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I theorize giant beavers did build dams in some circumstances but were not as dependent on them as Castor canadensis is and could occupy habitats not suitable for the smaller species.

Some scientists suggest giant beavers became extinct because our extant beavers outcompeted them.  This makes little sense.  The two species co-existed for at least 2 million years.  Moreover, beavers and giant beavers apparently preferred different habitats, the former preferring closed canopy woodlands, the latter open canopy marshes.  The smaller species actually created habitat favorable to Casteroides when they gnawed down trees and dug canals, thus expanding the size of the open wet meadows the giant species liked.  If any species competed with Casteroides, it would have been the muskrat, because they eat many of the same plant foods.  Muskrats today thrive in many aquatic habitats.  To me, this shows that habitats favorable for giant beavers are still available.  The main survival differences between muskrats and giant beavers are the larger size and slower reproducing capabilities of the latter species.  Casteroides couldn’t survive human hunting pressure, while smaller, faster reproducing species such as the muskrats and extant beavers could.

Beaver meadows and ponds must have abundantly dotted Georgia’s Pleistocene landscapes, especially during wetter interstadials (warm moist climate cycles during Ice Ages) and interglacials.  Beavers not only created ponds for aquatic life, but they also create meadows.  The longer a beaver dam is maintained, the more the number of surrounding trees get gnawed down until after many years the area is converted to a meadow.  In this self created landscape when  trees become scarce because of their own tree-destroying habits, beavers avoid traveling great distances overland where they’d be vulnerable to predators, by digging canals to wooded patches that are farther away from their home lodges.  In this way they expand meadows even more.  In Pleistocene times this meant they increased habitat for mastodons, mammoths, horses, bison, deer, and elk, as well as the aquatic life already flourishing in the ponds and canals.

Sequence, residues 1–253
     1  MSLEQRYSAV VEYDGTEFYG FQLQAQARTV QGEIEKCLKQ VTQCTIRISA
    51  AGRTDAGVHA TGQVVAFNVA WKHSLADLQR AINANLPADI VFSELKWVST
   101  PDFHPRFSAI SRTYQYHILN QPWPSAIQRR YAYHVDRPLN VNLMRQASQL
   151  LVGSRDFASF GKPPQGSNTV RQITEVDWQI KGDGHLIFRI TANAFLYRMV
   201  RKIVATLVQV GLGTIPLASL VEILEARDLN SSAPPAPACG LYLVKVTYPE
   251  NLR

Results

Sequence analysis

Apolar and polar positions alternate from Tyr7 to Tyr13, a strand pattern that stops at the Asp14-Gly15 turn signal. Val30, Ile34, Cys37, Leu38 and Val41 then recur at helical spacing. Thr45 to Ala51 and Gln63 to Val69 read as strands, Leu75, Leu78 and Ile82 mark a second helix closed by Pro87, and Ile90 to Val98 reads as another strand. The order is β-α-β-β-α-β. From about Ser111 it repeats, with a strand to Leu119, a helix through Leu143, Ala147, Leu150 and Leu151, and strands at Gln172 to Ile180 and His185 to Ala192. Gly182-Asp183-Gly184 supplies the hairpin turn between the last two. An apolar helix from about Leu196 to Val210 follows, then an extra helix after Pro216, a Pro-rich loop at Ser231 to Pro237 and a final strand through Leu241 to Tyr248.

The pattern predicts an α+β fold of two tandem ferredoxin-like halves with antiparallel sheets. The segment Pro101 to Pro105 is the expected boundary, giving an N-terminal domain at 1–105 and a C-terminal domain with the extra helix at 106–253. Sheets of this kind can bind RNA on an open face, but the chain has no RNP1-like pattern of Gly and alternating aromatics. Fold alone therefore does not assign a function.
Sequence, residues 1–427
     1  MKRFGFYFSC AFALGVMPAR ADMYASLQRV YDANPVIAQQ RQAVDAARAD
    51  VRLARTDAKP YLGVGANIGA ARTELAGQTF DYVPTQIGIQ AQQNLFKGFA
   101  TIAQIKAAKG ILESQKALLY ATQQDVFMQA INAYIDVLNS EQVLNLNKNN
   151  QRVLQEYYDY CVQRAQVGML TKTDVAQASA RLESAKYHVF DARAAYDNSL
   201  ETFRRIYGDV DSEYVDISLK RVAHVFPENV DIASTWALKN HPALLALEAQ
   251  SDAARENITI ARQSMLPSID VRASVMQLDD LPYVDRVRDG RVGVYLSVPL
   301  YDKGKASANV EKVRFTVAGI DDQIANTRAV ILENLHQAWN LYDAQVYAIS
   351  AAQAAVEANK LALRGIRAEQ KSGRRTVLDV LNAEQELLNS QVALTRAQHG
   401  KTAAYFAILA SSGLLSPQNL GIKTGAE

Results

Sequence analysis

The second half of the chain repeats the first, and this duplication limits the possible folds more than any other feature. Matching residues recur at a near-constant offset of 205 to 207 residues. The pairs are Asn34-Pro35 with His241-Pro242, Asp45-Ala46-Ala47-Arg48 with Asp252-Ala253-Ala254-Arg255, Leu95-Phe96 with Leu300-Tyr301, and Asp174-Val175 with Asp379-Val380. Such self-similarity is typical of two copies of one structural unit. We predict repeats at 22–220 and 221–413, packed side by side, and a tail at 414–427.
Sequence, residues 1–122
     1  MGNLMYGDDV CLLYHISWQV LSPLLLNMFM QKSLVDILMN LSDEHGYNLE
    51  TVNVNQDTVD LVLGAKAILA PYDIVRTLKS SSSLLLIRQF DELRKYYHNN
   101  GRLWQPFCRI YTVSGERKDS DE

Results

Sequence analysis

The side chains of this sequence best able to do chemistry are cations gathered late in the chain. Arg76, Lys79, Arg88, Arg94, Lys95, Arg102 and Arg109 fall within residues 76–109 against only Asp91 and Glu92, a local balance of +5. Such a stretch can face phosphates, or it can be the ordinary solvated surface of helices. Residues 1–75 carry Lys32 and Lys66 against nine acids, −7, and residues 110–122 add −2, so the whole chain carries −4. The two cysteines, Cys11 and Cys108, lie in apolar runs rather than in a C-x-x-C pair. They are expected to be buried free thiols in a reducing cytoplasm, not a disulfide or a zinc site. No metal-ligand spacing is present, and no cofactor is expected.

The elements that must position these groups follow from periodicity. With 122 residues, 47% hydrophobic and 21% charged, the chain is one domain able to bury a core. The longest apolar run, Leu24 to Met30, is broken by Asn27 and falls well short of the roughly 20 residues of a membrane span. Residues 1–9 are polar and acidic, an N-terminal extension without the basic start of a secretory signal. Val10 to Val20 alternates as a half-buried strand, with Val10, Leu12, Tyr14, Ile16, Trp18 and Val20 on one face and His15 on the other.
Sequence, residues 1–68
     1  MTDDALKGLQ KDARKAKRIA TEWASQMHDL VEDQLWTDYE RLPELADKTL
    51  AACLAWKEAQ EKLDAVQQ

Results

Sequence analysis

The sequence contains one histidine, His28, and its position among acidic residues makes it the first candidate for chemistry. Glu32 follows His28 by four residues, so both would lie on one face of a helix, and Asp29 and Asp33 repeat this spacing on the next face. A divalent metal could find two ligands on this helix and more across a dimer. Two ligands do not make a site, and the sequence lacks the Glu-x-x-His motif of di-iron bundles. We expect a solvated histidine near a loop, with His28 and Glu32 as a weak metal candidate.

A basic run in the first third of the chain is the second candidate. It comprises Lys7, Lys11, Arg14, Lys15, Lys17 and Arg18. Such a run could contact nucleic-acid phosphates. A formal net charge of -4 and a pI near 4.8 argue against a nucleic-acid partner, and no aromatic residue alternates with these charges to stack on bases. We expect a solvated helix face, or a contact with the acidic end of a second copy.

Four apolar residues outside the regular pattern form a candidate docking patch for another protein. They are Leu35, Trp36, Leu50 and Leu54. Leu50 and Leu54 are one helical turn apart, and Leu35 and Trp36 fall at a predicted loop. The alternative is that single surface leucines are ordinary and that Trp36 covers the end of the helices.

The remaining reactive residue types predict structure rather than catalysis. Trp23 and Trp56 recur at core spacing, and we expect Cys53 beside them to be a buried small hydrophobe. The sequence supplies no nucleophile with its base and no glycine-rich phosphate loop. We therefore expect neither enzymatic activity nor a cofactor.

I’m sure if we were able to take a time trip back to Pleistocene Georgia, we’d find both species of beavers, perhaps even living side-by-side.

Sources:

Kurten, Bjorn; and Elaine Anderson

Pleistocene Mammals of North America

Columbia University Press 1980

Rybczyinski, Natalie

“Casteroid philogenetics: Implications for the Evolution of Survival and tree exploitation in beavers”

Journal of Mammalian Evolution 207 (14) 2007 pp. 1-35

Yansa, Catherine; and P.M. Jacobs

“Pleistocene age Giant Beaver (Casteroides ohioensis) and extant beaver (Castor canadensis) environments of southern Wisconsin”

Geological Society of America abstract

October 15-21 2009

See also google images for pictures and illustrations of beaver dams, beaver lodges, beaver meadows, and fossil specimens of giant beavers.